What I am saying is that, politically, we should be flexible enough to recognize, as you very forcefully do just above, that, as a factual matter, the popular Palestinian grievance regarding 1948 is not going to go away with any UN resolution – or even any statement by their leaders, but that we also should recognize the political consequences of this, which are that it may be imprudent at any given moment to force Palestinian leaders to split from their people inasmuch as to concede what is a living concern among many/most Palestinians regarding 1948. My understanding of the history is that that kind of split is what gives rise to popular movements like Hamas.

                But what should be a non-negotiable condition that Palestinian leaders (and people) must meet to be welcome in any peace process, to say nothing of internationally recognized statehood, should be the renunciation of violence pursuant to those grievances. To me, that is what would be necessary and sufficient from the Palestinian side to allow them to say they are willing to move past 1948 in an official way within a peace process. In my view, this would amount to the disagree-but-willing-to-abide position I described. And from Israel, there should be a willingness to accept that as the precondition they should insist upon for negotiations leading to a final settlement. Insisting the Palestinians concede the wrongness of their cause as relates to 1948 does not comport with a desire to put the academic battles around history in the past that I can see; rather it indicates a desire to finally win them.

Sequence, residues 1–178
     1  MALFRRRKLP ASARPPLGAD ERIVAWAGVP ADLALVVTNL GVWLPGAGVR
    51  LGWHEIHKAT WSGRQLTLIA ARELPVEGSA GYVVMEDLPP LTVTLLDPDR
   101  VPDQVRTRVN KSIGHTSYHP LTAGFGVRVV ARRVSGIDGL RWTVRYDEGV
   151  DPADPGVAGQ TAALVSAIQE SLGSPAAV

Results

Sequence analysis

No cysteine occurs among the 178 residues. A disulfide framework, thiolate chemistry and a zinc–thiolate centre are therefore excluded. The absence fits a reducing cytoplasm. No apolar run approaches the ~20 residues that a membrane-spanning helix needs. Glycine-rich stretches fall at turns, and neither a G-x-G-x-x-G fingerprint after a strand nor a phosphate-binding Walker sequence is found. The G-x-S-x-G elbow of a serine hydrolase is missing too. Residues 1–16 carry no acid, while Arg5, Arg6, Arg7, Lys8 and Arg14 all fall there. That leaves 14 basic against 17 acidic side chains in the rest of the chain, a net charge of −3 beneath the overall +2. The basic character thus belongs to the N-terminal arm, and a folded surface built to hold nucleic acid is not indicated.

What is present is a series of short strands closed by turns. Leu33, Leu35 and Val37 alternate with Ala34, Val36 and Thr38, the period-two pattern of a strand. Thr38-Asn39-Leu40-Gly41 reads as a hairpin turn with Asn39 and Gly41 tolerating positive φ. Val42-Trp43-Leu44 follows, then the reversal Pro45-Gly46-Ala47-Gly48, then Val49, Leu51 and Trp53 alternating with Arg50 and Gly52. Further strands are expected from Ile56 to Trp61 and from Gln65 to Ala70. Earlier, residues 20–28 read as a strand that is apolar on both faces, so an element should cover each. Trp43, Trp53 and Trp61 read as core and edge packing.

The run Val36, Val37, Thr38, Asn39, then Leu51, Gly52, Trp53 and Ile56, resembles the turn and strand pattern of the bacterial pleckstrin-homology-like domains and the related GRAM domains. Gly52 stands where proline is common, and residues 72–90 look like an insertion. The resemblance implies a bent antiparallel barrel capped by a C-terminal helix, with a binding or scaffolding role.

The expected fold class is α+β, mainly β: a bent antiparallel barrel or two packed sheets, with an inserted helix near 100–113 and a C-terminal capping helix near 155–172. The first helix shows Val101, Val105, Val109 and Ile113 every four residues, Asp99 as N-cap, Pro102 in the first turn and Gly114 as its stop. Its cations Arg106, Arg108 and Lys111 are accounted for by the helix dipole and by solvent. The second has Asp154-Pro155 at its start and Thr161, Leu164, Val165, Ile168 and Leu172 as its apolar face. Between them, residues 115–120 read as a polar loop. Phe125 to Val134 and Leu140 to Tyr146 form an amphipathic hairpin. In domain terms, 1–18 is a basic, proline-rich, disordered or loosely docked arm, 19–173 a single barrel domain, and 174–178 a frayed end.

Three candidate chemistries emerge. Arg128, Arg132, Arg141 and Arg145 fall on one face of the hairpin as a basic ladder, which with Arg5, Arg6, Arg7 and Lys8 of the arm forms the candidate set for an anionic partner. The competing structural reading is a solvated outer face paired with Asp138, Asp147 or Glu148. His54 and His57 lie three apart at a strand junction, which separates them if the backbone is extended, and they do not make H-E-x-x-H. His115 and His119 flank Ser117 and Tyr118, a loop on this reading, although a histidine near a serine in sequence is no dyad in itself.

As I have indicated, where exactly that leaves recognition in particular with respect to the he-said-no-she-said of who won’t leave history in the past, I am not sure. It depends what recognition means, I suppose. But I know that I strongly prefer the case you made for recognition after I pushed you about who was in fact insisting on revisiting history to the one you made in your original post, to wit (i.e. the one I prefer):

                “Not recognizing Israel as a legitimate state prevents the reception of ambassadors, establishment of embassies and “normal” diplomatic relations, and leaves us EXACTLY where we are today: a self-declared Palestinian state that is not recognized by the state that matters most (and which it refuses to recognize) — Israel. Adding a UN declaration to that mix will, at best, enforce an unsustainable status quo. In worse (and more likely) scenarios, it will, in fact, result in Israel’s delegitimization in the eyes of a suddenly growing portion of the international community.”